2023 National Medal of Honor Day –Recognizing the First Recipients

  • Drew Poplin

As many of you may be aware, on March 25, the whole country will be recognizing National Medal of Honor Day. In a show of respect for the occasion, we’re highlighting the medal’s first recipients.

On April 12, 1862, Union raiders all participated in one of the most daring operations of the entire Civil War, called “Andrews’ Raid”. It is perhaps better known as “The Great Locomotive Chase.”

Contextualizing Andrews’ Raid

When talking about Civil War history, a lot of the attention gets placed on the Eastern front. With the Union’s and Confederates’ capitals both residing within two hours of each other (Washington, D.C. and Richmond, respectively), it makes sense that large importance was placed on the East. However, what was happening in the West was just as vital. By spreading the war out, the Confederacy would have a hard time defending the vast amounts of territory, especially with their relatively smaller force. Toward the end of the war, the Western theater would see major victories in Vicksburg, Chattanooga, and Atlanta, which served as near insurmountable losses to the South.


Map by Hal Jespersen, www.cwmaps.com


If we rewind back to the start of the war, the Union was suffering from a lack of clear command in the Western theater. The departments of Kansas, Missouri, and Ohio could not agree on a plan for attacking the territory. In fact, the only general who seemed to get much done at all was a brigadier general by the name of Ulysses S. Grant. In February of 1862, Grant would lead his army to victories at Fort Henry and Fort Donelson, which left Tennessee open for invasion. Soon after, Nashville was captured by Brig. Gen. Don Carlos Buell, who was head of the Department of Ohio’s army.

Introducing Andrews

Shortly after, Buell’s army was merged into the new Department of the Mississippi and Buell was ordered to go southwest with Grant’s army. What was left in Nashville was a 7,000-man garrison that formed with Maj. Gen. Ormsby Mitchel’s 10,000-man division. But before he left, he was approached by a civilian spy and scout named James J. Andrews. Andrews proposed allowing him and eight men to steal a train in order to wreak havoc in Georgia. Buell signed off on the plan; however, it had to be canceled upon their arrival in Marietta.

Andrews still wanted to follow through on the idea but would need more men, as the original group of raiders decided they had no interest in being undercover behind enemy lines. Andrews would soon get his opportunity at a do-over.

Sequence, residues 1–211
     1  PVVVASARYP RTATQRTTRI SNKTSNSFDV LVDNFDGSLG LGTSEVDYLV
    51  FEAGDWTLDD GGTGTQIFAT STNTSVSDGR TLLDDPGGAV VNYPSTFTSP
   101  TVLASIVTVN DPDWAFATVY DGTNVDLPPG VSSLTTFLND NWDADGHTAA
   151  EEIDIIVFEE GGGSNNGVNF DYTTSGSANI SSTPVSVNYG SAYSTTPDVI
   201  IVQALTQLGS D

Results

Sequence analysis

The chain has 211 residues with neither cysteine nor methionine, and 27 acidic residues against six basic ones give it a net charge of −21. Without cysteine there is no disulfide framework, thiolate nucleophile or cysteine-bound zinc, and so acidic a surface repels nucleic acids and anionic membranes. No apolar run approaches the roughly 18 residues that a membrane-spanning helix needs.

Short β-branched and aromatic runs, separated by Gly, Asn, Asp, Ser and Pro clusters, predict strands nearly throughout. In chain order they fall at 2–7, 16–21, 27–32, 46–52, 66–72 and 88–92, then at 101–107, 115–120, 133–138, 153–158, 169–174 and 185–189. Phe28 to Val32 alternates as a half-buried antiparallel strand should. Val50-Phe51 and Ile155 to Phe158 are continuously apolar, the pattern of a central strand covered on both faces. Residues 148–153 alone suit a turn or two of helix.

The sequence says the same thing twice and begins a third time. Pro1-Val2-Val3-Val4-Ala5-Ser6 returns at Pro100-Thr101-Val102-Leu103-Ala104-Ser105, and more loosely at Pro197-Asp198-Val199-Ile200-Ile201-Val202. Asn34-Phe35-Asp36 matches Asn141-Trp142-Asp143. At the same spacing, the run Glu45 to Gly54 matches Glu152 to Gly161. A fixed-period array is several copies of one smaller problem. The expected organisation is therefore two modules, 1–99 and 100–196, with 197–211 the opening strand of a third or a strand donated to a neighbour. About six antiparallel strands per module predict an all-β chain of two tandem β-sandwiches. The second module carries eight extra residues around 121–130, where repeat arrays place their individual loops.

Pictured above is James J. Andrews


The Plan Comes Together

In Nashville, Maj. Gen. Mitchel was seeking a way to capture the city of Chattanooga. Chattanooga was an important railroad and river junction for the Confederacy, so capturing it would be a major success for the Union. However, Mitchel knew that the region’s geographical factors and the South’s ability to send reinforcements there would make taking it an incredibly difficult task. However, if they could somehow disrupt the Atlantic and Western Railroads that led into the city, they might have a shot. This was exactly what James Andrews proposed to Mitchel.

Andrews would gather a larger group of men this time, increasing his raiders from eight to twenty-two men, including another civilian named William Hunter Campbell. The plan involved stealing a train near Big Shanty, a stop just north of Atlanta, and taking the train north toward Chattanooga while causing as much destruction to the railroad infrastructure as possible. Big Shanty was chosen as the launching point as it lacked a telegram, theoretically giving the raiders more time to complete the mission.

The Calm Before The Storm

Come April 12, the day of the raid, two men had already missed the rendezvous point. When the train, The General, made its stop at Big Shanty, the remaining men proceeded with the plan. They stole The General, its three passenger cars, and a crowbar as they made their way north.